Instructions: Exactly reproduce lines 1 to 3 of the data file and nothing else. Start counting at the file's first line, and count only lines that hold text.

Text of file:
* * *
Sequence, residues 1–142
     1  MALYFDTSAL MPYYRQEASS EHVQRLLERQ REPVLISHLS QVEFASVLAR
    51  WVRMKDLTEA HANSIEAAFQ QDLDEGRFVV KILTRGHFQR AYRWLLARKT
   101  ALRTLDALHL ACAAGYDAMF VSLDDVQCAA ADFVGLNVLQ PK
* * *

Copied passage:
Sequence, residues 1–142
     1  MALYFDTSAL MPYYRQEASS EHVQRLLERQ REPVLISHLS QVEFASVLAR
    51  WVRMKDLTEA HANSIEAAFQ QDLDEGRFVV KILTRGHFQR AYRWLLARKT